FAQs

Do I need a Licensed Contractor?

All builders (individual or company), building designers and most trade contractors who are carrying out or organising building works valued at over $3,300 (including labour and materials) must be licensed by the Queensland building and Construction Commission (QBCC). You should contract only with someone who has a QBCC licence card. Click here to view our licence details.

What is a Preliminary Agreement?

Undecided on what style of house you want to build or what renovations you want done? Haven’t finalised any plans yet or only have rough sketches of your ideas? Unsure what’s required or how to go about obtaining Building Approval (BA)? Will I need to engage a surveyor, do we require soil testing, engineering? If you answered yes to any or all of these questions, a Preliminary Agreement may be for you.

Entering into a preliminary agreement for the pre-construction design phase of your proposed project will ensure a collaborative ‘end to end’ building process guaranteeing all your project requirements are understood and incorporated for a mutually rewarding building experience.

The preliminary agreement includes our services and outlines the costs involved in obtaining a full set of ‘For Construction’ plans and structural engineering designs, engaging a surveyor for site investigation to identify the block (Contour ID) and soil testing, demolition if required, preparation of a detailed construction proposal, Energy Efficient Report, and lodgement of documentation with a Private Certifier to obtain BA.

Elysium Built will professionally project manage all aspects of the pre-construction stage, including all approvals and certifications, from start to finish taking the pressure off you especially if you are time poor or inexperienced.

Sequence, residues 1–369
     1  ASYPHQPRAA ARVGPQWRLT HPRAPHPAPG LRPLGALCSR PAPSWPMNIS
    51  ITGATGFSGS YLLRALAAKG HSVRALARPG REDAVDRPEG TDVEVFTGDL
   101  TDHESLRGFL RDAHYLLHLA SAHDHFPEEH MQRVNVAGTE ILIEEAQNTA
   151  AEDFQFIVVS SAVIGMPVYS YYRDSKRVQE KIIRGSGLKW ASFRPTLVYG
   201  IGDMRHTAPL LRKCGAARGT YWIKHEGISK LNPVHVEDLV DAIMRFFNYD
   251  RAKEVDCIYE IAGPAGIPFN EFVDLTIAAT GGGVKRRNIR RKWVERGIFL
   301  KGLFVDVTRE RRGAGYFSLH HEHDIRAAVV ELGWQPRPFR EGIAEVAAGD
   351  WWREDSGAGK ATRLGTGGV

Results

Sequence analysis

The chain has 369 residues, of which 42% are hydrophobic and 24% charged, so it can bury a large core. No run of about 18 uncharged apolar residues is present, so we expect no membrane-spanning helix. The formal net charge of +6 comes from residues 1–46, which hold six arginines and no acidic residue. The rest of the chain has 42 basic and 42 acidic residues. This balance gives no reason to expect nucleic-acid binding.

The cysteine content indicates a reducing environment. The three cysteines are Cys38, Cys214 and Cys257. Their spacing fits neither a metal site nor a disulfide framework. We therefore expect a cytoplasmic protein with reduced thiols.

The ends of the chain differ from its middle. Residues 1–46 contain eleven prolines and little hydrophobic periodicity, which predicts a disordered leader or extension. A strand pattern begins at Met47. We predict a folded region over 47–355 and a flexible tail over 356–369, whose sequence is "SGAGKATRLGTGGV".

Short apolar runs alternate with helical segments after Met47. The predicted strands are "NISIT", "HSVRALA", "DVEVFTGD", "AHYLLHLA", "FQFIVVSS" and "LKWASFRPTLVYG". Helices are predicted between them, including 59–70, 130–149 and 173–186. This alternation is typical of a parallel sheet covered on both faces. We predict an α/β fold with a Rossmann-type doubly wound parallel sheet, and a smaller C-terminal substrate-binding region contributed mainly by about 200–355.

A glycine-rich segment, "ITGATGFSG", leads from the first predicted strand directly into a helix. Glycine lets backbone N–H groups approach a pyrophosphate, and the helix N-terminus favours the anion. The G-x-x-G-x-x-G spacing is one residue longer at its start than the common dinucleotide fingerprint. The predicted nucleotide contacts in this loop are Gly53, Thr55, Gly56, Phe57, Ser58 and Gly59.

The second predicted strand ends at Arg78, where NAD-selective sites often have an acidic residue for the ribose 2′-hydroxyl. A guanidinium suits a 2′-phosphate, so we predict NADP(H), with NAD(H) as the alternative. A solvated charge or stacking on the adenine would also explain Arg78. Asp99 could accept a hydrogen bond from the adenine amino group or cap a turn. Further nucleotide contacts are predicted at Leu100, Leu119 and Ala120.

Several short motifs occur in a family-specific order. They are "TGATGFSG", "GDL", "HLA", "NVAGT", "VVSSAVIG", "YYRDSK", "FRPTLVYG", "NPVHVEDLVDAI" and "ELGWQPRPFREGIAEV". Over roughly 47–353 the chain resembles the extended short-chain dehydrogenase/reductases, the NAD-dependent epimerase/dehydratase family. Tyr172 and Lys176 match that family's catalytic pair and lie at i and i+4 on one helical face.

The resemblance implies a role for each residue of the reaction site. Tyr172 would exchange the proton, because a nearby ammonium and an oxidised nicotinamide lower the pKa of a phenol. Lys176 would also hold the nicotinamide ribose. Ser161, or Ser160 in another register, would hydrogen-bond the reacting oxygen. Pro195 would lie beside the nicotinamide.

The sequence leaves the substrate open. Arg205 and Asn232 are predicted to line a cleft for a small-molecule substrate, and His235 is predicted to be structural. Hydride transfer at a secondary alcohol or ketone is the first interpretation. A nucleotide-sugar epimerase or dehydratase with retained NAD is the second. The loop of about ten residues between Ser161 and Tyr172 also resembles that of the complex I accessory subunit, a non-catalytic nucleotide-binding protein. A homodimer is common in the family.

If I enter into a Preliminary Agreement do I have to sign a contract with the builder?

No, you don’t have to sign a building contract. A preliminary agreement is a separate contract signed by you and the builder to carry out preliminary work. This type of work is usually defined on the agreement and can include things like soil tests, plan preparation, engineering, foundation design and site survey (refer Q2.)

Although you may have a contract for the builder to carry out preliminary work you may not have a right to use the plans with another builder for reasons of copyright. If you decide to build with another builder then you may be required to purchase the copyright to proceed.

Some preliminary agreements give the owner a discount if they proceed with that builder.

Do I need an Architect, Draftsperson or Building Designer?

We are constantly asked this question and our answer is always the same: there are numerous benefits to working with any one of these professionals, it just depends if your project is straightforward, on how much detail you already have and the level of service you require.

At Elysium Built we encourage an ‘end to end’ building process and we believe that it is vital that your builder is involved in the initial discussions when deciding on ‘who’ to work with on your design.

Elysium Built have spent considerable time selecting a panel of designers and we are confident that we can match the level of designer to your project to ensure you achieve the best outcome for your budget. Talk to us to learn more about the differences and services offered by these professionals.